Once Jim in The Office. Now director of this year’s most high-concept chiller. John Krasinski writes exclusively for Empire about his journey to A Quiet Place, and how the near-silent film became a family affair.
People ask me if I always wanted to be a director. And the truth is, no. When I first started out, I felt so lucky to be able to make a living as an actor it didn’t even cross my mind... and I didn’t want to jinx it. I was never one of those actors that said, “Well, when this acting thing is over… I’ll just direct.” I had way too much respect for the directors I had worked with to view the transition as some kind of foregone conclusion.
In order for me to choose to direct something, I have to feel that I am the best person for the job.
My first directing gig actually came about by total happenstance. Before I got The Office I had adapted this book by David Foster Wallace that had meant a great deal to me called Brief Interviews With Hideous Men. I remember The Office had just come on the air and I was having lunch with Rainn. At the time I was looking for a director to direct the movie and so I asked him for his opinion. His response? “Why don’t you just direct it yourself?” My mouth opened, but no response came. Then he said, “Listen, you now know this material better and care about it more than anyone. So just direct it.”
Not only did that line inspire me to take on my first movie as a director, but those words have become the exact criteria for what it is I choose to direct. I am well aware of the large and vast pool of extremely talented directors out there. And the truth is, most scripts I read, I’d love to see directed by one of those names. In order for me to choose to direct something, I have to feel that I am the best person for the job, that I have a unique connection to a piece of material, and can see it more clearly than I think anyone else could. That’s certainly what happened on A Quiet Place... Though, yet again, it wasn’t initially my idea.
A Quiet Place first came to me as a spec script that the producers Drew Form and Brad Fuller had with Paramount. We were prepping for [TV series] Jack Ryan and Drew said to me, “Hey, quick question. Would you ever do a genre movie?” “You mean like a horror movie?” I asked. “I can’t watch horror movies, I’m way too scared. But yeah, maybe I could act in one if it was a cool idea.” So then he pitched me the one-liner — a family who can’t make a sound… or terrible things happen. I was immediately hooked.
At the time, we had just had our second daughter, Violet. So Emily and I were actually living through the terrifying first days of new parenthood. I was already an open nerve of emotions and fears — so as I read through the spec script I couldn’t help but obsess over the idea that this story could be so much more than just a scary movie. It could actually be one of the best metaphors for parenthood ever: “What would you REALLY do for your kids?” I immediately started writing down pages and pages of ideas. Those ideas quickly turned into scenes and I suddenly found myself rushing down the stairs to enlist my secret weapon: my wife. I’ll never forget Emily sitting on the couch, watching me bounce all over the living room as I pitched her one new scene after the next. I may or may not have been out of breath as I finally finished (definitely out of breath) and looked up to her. And then? Silence. I remember Emily just looking back at me with the most curious look on her face. (“Oh God, she hated it.”) Then suddenly — after a brilliantly delivered stage pause, btw — she finally said, “You need to direct this.” By the time I called the producers back only 48 hours later, I was indeed agreeing to be in the movie… if they would let me rewrite it... and direct.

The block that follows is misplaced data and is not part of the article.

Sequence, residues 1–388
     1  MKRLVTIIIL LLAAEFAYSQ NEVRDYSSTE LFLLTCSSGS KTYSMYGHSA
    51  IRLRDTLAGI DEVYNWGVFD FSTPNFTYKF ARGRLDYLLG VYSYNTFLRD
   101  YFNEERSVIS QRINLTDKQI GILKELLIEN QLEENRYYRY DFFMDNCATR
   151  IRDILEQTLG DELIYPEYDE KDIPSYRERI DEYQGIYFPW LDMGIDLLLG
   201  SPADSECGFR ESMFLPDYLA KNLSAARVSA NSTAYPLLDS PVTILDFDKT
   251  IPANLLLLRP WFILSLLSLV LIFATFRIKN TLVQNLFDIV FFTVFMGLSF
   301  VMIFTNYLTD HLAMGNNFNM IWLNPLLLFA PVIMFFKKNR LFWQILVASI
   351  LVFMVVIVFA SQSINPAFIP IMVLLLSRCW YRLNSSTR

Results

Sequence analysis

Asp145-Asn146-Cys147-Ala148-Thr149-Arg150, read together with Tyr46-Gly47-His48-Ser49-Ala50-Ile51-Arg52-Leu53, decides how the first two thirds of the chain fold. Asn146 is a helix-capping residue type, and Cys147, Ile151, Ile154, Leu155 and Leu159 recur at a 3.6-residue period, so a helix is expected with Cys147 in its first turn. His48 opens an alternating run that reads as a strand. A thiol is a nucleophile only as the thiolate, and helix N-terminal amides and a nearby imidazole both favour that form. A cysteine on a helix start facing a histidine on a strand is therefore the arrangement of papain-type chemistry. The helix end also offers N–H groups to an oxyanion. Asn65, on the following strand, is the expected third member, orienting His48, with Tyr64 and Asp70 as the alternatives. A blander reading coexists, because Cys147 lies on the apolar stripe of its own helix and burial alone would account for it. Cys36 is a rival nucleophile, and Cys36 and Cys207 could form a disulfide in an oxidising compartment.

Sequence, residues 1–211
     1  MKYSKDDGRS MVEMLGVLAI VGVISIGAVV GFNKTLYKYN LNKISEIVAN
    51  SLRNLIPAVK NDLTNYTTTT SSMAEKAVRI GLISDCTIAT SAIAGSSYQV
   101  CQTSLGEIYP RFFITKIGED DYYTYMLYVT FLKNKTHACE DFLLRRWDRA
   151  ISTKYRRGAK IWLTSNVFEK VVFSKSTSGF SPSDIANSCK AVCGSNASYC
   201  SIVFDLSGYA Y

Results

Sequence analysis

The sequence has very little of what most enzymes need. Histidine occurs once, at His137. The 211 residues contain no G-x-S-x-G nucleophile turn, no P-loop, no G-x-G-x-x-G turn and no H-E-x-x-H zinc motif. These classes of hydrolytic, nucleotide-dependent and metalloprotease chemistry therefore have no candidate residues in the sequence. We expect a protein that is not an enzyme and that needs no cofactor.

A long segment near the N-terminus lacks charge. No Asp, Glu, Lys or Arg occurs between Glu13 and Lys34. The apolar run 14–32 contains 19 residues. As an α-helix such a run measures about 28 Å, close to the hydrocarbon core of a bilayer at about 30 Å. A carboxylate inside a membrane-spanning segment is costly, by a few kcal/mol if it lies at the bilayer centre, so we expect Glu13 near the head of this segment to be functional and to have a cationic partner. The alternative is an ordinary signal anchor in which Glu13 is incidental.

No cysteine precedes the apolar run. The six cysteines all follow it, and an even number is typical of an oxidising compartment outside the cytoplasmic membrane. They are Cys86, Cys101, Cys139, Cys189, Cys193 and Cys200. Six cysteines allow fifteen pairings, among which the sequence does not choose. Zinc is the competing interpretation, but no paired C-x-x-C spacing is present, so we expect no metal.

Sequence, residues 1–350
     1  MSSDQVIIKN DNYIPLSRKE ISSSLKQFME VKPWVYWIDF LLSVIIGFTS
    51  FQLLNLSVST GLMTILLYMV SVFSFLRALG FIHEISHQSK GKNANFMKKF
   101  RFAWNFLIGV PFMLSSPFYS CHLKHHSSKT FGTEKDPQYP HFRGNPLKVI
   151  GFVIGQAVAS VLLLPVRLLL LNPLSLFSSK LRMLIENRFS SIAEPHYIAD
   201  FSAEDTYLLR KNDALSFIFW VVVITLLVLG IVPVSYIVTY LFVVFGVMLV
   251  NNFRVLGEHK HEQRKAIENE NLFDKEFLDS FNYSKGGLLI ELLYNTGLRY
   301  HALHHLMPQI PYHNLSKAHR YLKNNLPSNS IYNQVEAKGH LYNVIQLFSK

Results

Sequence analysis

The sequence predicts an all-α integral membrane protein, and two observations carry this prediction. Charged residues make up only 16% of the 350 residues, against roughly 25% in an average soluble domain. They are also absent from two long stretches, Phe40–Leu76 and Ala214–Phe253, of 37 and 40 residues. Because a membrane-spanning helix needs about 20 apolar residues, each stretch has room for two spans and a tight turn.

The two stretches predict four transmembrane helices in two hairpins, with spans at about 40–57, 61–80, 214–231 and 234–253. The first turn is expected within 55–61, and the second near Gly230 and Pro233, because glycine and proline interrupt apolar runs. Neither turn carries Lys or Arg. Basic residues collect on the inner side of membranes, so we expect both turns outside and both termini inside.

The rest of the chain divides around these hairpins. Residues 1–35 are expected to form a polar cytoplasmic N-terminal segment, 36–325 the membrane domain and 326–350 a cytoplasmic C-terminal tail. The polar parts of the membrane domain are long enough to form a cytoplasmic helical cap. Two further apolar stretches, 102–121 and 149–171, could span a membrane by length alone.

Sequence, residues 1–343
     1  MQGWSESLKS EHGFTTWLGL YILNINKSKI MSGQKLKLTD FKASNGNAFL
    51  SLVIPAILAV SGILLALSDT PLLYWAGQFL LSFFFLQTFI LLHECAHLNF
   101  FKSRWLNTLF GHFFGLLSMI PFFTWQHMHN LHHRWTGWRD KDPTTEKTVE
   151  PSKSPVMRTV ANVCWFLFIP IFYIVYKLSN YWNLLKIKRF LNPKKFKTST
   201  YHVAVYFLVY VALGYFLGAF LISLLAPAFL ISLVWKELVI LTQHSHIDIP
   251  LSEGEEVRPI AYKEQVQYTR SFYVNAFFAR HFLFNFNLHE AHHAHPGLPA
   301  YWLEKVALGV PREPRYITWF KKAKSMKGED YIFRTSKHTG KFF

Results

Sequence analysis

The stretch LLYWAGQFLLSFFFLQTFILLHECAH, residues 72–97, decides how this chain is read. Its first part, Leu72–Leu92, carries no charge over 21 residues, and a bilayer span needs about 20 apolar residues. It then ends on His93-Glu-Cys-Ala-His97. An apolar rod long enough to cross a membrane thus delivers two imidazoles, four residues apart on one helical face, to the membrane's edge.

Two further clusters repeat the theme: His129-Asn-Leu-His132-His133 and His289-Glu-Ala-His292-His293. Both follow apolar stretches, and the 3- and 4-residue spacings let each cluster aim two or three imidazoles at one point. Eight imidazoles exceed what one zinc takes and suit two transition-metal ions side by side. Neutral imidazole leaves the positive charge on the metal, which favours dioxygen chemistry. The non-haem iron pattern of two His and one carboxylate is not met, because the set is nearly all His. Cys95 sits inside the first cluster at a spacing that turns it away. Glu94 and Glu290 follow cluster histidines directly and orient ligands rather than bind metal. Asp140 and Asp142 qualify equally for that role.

After that phone call, we were off to the races. I finished the script in three months just before Christmas and by mid-January I was in idyllic upstate New York, scouting for the perfect location. And boy did we find it in this beautiful 19th century farm in the town of Pawling, NY. It was almost weird how perfect this place was. I remember crew members literally not believing me when I told them I hadn’t been there before I wrote the script. There was a beautiful farmhouse that faced a large weather-worn barn about 50 or 60 yards away, exactly as I’d written it. Those buildings were surrounded by hundreds of acres of crop fields, exactly as I’d written it. There was even a waterfall right nearby EXACTLY as I’d—you get the point! It was magic. And the coolest part was, not only was the location perfect, but there was a horse-riding school nearby that wasn’t currently in use, that we got to use as our soundstages. So for 90 per cent of the shoot, every member of the cast and crew got to call that magical farm home.